This course is still relevant for Ember 2, but Ember Octane is out now! We now recommend you take the Ember Octane Fundamentals course.
Table of Contents
Advanced Ember 2.x
ContainerMichael introduces the concept of a Container covering best practices for implementation and common issues with using them to troubleshoot problems better.
ResolverMichael covers Resolver, which attempts to look up routes, models, components, and more in the codebase, to better help organize the codebase.
Challenge 1In this challenge, students write an ES6 module that handles a few of math utilities.
Challenge 1: SolutionMichael walks through the solution for Challenge 1.
InitializersThere are two types of initializers: application initializers and application instance initializers. Michael reviews Application initializers that run as your application boots, and provide the primary means to configure dependency injections in your application.
Instance InitializersMichael covers application instance initializers, which are functions that are invoked immediately after an application boots up.
Challenge 2In this challenge, students write an application that requests access to user's geolocation data. Making sure the application does not start until the geolocation is available, stores the information in the container.
Challenge 2: SolutionMichael walks through the solution for Challenge 2 and takes questions from students.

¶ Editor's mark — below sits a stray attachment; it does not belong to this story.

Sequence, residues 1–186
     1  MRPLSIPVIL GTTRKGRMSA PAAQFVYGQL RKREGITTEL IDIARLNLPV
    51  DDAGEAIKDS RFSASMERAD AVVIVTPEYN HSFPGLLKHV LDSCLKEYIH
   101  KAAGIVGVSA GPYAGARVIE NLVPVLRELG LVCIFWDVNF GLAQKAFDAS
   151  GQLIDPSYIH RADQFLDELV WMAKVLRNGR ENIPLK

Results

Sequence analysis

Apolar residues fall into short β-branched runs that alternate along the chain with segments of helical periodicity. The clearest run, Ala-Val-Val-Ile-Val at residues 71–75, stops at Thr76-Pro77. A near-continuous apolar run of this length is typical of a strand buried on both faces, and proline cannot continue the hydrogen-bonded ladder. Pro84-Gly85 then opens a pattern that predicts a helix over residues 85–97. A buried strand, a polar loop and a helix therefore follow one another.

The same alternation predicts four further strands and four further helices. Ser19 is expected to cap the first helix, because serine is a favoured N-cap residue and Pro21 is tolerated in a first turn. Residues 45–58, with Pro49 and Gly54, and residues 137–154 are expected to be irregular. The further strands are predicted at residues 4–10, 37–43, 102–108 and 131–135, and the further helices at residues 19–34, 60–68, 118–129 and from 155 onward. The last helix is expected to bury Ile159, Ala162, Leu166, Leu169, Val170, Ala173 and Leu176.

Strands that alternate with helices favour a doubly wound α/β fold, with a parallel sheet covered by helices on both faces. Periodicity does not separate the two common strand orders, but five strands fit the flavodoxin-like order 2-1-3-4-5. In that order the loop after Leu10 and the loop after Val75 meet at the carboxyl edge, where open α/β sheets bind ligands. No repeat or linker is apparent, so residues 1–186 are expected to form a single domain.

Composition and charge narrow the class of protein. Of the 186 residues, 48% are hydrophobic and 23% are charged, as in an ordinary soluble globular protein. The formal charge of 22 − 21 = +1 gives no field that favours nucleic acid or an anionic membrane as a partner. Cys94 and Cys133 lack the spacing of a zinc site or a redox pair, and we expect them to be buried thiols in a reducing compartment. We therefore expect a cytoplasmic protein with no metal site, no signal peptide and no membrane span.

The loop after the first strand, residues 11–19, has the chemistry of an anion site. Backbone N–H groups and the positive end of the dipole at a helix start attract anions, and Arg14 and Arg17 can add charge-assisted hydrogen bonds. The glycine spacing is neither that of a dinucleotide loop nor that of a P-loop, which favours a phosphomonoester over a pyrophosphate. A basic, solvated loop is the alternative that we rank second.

DebuggingMichael walks through tips on how to debug NodeJS with Visual Studio Code application.
BroccoliIntroducing Broccoli, Michael demonstrates how to set up the client-side asset builder for Ember applications.
Challenge 3In this challenge, students build a Broccoli plugin.
Challenge 3: SolutionMichael walks through the solution for Challenge 3.
Configuring the Build PipelineSetting up a build process with Broccoli with automated testing and Heroku deployment.
Challenge 4In this challenge, students build an automated testing and deployment system.
Challenge 4: SolutionMichael walks through the solution for Challenge 4 and takes questions from students.
Rendering on the ServerReviewing about the importance of incorporating progressive web applications methodology, Michael introduces FastBoot brings server-side rendering to Ember.js applications allowing users see content faster.
Setting Up FastbootMichael walks through setting up Fastboot and takes questions from students.
Challenge 5In this challenge, students use Fastboot in a deployment of an application.
Challenge 5: SolutionMichael walks through the solution for Challenge 5 and takes questions from students.
ShoeboxMichael introduces the concept of Shoebox, which allows you to leverage server API calls made by the FastBoot rendered application on the browser rendered application. This approach keeps duplicating work the application is performing and results in a performance benefit.
Challenge 6In this challenge, students get the user agent and make it accessible to the client side.
Challenge 6: SolutionMichael walks through the solution for Challenge 6 and takes questions from students.
ember-data-fastbootMichael reviews ember-data-fastboot, an addon that serializes the contents of your ember-data to store within the Fastboot shoebox.
Challenge 7In this challenge, students create a system to keep track of a current user with Ember Simple Auth.
Challenge 7: SolutionMichael walks through the solution for Challenge 7 and takes questions from students.
Wrapping Up Day 1
Four Types of StateAfter Michael introduce four types of state: UI State, Persisted State, Addressable State, and Draft State, he covers the core principles of each including the best practices for handling state management.
Addressable StateMichael reviews Addressable State, which is data that can be shared, historically archived, or URL-driven like sorted or filtered search results.
Challenge 8In this challenge, students update and filter Query Parameters.
Challenge 8: SolutionMichael walks through the solution for Challenge 8 and takes questions from students.